June 8, 2015

Standardization and Autonomy - Can they co-exist?




Companies have two avenues for growth: acquisition, or organic growth.  Regardless of how they are growing their increasing size increases the difficulty of the company successfully responding to change.  Retaining as much as possible of advantage of that small company’s ability to rapidly pivot can be a key element of a company’s success.

In the past, large organizations were seduced by the notion of having a standardized process across all their product teams within the organization.  I can understand the appeal of having one “best process” uniformly across the organization.  However this appeal is based on a manufacturing paradigm of working with tangible items which does may apply in other industries.

Process standardization at the organizational level gives the benefits of:

  • common reporting/monitoring processes, formats, and channels

  • simpler governance decision-making


One other presumed benefit is a reduced cost of moving teams around the organization, but this is rarely realized because intellectual work cannot be mass produced.



Having a standardized process across the organization forces process design to accommodate the lowest common denominator.  It also takes a larger effort and time for the organization to be able to pivot and adjust  to move as one entity because of the critical mass.  From a people perspectives, employees feel like there a cog in the wheel and they're not motivated to improve how they work because they believe it is a big bureaucratic exercise (which it usually is in large organizations) that "other" people have bestowed down on them.  This standardization comes at a huge cost for productivity and efficiency within the majority of the product groups. 






Giving product groups (and teams) autonomy empowers them figure out the best way for them to work as smaller units to optimize productivity and efficiency.  Smaller teams can have shorter feedback loops and can inspect and adapt more frequently and progress more quickly.  Smaller scope for process design allows them to optimize more precisely because it is based on a smaller set of skills, expertise, team makeup, and particular product/technology.

From the people perspective, giving the individuals autonomy to define how they work, how to best optimize their own work leads to higher morale, motivation, and productivity.  Even when the technology changes over time, giving the autonomy at the smallest reasonable unit allows them to rapidly go through and adopt the change quicker.  It also allows each product group (and teams) inspect/adapt/change at the rate that is within their threshold and within the context of their business needs.

Autonomy is one of the factors a motivation that Daniel Pink talks about in his book Drive.  I think we can all agree that we want to motivated workforce.

The downside of that autonomy is that the operations of the organization becomes less transparent.  Or simply, make it more complex to be able to see if your organization is moving forward.

Can you marry the two to get the best of both worlds?  In my experience, YES!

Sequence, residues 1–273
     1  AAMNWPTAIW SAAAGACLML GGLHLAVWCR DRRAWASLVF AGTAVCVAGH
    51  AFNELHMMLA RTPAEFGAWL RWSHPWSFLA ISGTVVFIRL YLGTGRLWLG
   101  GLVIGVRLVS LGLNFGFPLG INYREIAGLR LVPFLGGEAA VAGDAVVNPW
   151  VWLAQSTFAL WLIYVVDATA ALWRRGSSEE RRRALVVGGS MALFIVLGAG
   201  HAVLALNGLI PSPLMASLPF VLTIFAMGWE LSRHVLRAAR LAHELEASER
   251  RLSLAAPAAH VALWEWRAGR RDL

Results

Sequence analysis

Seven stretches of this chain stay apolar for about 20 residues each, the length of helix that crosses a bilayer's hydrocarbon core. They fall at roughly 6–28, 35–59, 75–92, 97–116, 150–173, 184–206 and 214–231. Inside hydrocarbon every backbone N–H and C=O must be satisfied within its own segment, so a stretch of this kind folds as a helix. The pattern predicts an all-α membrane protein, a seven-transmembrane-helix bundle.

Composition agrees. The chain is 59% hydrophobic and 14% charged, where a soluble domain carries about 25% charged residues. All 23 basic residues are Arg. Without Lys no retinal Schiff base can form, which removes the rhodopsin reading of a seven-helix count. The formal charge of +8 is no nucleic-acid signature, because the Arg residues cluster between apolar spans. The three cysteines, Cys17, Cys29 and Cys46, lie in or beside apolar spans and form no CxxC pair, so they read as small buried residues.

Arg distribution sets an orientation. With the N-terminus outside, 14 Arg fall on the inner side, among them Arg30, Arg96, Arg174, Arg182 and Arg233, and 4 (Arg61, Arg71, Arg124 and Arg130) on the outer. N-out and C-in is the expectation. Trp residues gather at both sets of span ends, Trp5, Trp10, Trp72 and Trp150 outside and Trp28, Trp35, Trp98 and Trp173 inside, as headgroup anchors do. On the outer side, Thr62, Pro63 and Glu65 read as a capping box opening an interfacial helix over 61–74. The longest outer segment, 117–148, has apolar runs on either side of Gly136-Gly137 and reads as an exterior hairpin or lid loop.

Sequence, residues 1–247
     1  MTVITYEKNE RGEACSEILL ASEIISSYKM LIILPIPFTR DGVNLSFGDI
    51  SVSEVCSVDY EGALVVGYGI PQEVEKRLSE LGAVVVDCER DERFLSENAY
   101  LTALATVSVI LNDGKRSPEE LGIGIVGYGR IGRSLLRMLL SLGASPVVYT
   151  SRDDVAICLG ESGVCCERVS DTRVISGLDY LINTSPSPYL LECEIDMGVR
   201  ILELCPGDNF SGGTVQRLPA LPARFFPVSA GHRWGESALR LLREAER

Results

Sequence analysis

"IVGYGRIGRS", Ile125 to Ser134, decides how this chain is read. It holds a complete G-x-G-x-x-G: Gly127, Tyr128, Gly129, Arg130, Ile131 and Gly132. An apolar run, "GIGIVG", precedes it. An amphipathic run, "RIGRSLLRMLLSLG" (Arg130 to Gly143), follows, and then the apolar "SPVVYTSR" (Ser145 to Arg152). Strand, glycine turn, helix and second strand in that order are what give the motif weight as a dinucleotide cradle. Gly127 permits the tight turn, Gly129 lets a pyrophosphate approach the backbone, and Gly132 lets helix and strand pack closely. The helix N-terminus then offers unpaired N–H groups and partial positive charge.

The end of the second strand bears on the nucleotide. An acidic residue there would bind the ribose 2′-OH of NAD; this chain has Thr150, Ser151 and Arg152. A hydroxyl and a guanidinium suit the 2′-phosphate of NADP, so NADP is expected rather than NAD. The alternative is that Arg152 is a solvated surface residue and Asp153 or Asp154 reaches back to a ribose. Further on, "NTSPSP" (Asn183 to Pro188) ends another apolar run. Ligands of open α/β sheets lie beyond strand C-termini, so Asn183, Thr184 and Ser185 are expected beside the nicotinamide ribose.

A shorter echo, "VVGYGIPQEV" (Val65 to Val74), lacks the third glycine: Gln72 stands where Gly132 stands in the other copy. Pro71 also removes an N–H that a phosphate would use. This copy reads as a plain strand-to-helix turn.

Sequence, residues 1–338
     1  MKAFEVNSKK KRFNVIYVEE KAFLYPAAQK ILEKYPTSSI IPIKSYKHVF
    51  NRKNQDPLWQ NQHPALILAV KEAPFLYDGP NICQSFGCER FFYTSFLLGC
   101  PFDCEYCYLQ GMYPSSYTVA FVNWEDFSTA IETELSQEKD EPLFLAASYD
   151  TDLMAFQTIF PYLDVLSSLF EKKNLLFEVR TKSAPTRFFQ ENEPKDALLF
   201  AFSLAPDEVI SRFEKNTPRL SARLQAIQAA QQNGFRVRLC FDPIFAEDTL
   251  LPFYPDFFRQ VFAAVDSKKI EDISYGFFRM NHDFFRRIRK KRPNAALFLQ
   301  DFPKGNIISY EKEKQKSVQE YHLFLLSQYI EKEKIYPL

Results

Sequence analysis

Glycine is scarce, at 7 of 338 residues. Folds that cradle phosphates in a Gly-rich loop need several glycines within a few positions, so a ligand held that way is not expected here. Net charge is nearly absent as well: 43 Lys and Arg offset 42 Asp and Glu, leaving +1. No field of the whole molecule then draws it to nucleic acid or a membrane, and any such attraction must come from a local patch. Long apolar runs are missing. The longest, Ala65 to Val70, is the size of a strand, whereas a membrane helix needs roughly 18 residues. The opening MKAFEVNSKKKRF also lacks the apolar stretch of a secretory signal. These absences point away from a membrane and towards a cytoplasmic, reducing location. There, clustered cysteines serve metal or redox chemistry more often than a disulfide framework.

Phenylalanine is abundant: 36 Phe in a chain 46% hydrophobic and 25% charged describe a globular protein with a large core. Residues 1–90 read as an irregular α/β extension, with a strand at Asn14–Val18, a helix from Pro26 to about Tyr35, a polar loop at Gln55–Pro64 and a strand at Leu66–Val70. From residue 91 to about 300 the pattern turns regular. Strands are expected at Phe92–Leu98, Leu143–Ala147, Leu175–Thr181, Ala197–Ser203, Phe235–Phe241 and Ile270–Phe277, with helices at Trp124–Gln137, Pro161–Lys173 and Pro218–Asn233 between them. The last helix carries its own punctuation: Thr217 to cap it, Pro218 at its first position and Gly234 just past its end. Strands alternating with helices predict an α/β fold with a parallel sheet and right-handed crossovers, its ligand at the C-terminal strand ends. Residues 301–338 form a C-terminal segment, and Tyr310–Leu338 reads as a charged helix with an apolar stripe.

Quotation-Mark-Twain-marriage-ideas-Meetville-Quotes-20086.jpg







You can do this by loosely defining workflows and processes from the above at a very high level and .  This way the organization knows that the highest level of the flow that goes through to deliver products or services.  When product groups (even teams within the groups) create their own processes and practices they do it and to detail out between the boundaries that they have to play with.  The organization themselves reports on the high level processes to be able to monitor how all the work is progressing to be delivered.  Each product group can define their own product group practices and processes for all the teams within their product group, trying to define them at the highest, but still responsible level to allow individual teams discern autonomy and how they specifically meet those.

A good example would be The Definition of Done.

The organization will have guidelines that they want all their products and services to ensure encompasses what they call a releasable product.  Each product group will have their level of definition of done that meets their particular products needs in order to transfer the product is ready to be released to the market.  Furthermore, each team will have their own specific  definition of done that addresses all of the above in any specific things that they feel they need to do to produce releasable software.  This should help ensure transparency from the top down.  This also allows for easier updates at the appropriate level without it being all or none.

One thing that I did not mention in this post, is that this hybrid will cause more work for external auditors because they will not have one central place to review the processes.  However, I would rather put the burden on a few than many of the organization.  The regulatory auditors are going to have to just the way in which they audit software companies going forward to meet the new agile paradigm.

This is just one of the scaling mechanisms that I have seen prove successful.  I will be sharing more and hope to hear back from you about techniques that you have used in scaling agile across a large organization.